Less Young Cattle in a Mixed 2007

AUSTRALIA - The supply of young cattle during 2007 at MLA’s NLRS reported saleyards was six per cent lower than 2006.
calendar icon 24 December 2007
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According to analysts at Meat and Livestock Australia, the largest percentage decline was registered in the vealer steer category. The supply of yearling steers followed the overall young cattle trend to be six per cent below 2006.

Young cattle made up 53 per cent of the total reported yarding, which was below the 55 per cent recorded in 2006.

The percentage of yearling steers purchased by lotfeeders and restockers was 43 per cent and 22 per cent, respectively – slightly down from the 44 per cent and 23 per cent purchased in 2006.

This was largely influenced by the continuation of harsh back to back seasons, and the increased operating expenses within the feedlot industry, as grain prices reached historical highs.

TMLA said that the price peak was reached during winter, as the average weekly national indicator for yearling steers reached 190¢/kg. Feeder steers followed a similar trend, with the indicator during the winter months reaching 179¢/kg.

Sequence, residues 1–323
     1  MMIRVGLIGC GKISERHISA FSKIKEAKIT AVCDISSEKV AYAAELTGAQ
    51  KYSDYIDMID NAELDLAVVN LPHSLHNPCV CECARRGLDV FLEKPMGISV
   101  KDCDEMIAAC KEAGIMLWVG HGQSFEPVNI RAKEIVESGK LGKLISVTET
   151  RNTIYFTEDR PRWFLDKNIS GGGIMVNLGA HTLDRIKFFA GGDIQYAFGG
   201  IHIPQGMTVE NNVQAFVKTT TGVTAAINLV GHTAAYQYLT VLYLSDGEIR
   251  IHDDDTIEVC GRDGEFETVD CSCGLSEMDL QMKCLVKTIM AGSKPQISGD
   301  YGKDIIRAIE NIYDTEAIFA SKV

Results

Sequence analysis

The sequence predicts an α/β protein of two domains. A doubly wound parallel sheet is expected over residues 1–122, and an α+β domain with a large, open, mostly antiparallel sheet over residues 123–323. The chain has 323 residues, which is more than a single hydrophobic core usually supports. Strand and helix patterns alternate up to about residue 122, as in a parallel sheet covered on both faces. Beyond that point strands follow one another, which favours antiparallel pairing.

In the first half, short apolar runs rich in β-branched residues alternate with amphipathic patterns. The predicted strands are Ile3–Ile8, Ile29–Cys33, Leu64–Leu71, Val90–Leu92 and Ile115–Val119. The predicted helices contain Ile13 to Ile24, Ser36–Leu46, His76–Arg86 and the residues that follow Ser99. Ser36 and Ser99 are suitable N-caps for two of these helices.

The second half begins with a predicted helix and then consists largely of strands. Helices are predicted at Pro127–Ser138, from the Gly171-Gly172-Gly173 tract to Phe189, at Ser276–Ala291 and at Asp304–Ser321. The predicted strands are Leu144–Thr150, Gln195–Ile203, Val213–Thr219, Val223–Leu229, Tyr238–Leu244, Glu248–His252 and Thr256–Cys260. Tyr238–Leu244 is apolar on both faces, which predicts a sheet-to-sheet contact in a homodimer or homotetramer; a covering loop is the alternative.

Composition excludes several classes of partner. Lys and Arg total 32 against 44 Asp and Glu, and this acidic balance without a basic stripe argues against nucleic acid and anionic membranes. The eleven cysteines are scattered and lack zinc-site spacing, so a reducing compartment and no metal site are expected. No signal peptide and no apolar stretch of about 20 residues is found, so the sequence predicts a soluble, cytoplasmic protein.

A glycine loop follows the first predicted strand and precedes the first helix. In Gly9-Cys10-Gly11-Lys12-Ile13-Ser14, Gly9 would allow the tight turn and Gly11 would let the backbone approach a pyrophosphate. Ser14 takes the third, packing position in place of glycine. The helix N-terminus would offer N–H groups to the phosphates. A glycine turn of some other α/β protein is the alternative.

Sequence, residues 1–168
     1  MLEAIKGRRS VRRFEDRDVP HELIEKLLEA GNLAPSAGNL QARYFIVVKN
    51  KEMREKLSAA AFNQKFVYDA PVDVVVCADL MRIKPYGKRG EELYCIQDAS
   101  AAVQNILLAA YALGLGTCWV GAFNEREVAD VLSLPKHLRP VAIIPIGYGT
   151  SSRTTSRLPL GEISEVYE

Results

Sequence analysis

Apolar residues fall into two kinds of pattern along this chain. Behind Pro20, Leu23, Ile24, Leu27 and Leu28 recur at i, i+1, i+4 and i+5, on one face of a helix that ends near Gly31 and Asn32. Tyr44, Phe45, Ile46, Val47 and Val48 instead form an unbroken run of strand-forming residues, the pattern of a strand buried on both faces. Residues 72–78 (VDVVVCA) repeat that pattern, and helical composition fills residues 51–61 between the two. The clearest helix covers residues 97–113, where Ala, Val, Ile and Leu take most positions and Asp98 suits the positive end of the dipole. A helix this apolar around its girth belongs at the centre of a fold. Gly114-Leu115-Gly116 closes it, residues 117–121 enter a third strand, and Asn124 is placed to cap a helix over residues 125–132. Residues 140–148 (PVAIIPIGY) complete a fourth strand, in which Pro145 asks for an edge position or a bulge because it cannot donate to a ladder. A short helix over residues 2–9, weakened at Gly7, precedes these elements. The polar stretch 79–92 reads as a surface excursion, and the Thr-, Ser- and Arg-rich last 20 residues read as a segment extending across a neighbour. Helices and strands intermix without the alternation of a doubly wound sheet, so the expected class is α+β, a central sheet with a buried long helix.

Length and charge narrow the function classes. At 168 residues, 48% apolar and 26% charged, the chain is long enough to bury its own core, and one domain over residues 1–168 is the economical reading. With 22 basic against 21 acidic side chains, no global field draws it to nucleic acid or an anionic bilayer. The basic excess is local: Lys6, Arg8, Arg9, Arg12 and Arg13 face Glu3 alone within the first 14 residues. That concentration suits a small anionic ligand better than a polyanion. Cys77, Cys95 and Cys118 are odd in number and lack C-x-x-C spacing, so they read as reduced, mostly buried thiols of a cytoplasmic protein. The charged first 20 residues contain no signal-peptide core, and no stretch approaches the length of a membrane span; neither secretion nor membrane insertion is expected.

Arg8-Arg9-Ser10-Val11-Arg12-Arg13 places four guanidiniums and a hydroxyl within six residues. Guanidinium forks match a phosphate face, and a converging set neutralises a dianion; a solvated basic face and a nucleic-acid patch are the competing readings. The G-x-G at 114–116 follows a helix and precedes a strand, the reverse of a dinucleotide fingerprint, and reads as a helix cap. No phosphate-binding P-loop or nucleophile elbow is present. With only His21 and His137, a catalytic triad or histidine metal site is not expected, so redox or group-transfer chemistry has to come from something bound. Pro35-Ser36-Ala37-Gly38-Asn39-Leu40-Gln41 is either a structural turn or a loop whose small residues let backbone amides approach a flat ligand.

The lowest prices for yearling steers occurred during October and November when trade and feeder weekly indicators were 159¢ and 152¢/kg, respectively.

The benchmark Eastern Young Cattle Indicator (EYCI) averaged 317.64¢/kg cwt for 2007, 7 per cent lower than the 2006 average of 341.35¢/kg cwt. The EYCI reached its high point of 347.50¢/kg cwt in mid-March and its low point of 272.50¢/kg cwt during October.

Since October’s low, the EYCI has climbed slowly, to close the year at 311.50¢/kg cwt. The recent increased competition for young cattle has been due to improvements in pasture and summer cropping outlooks, resulting in increased feeder and restocker activity, according to MLA.

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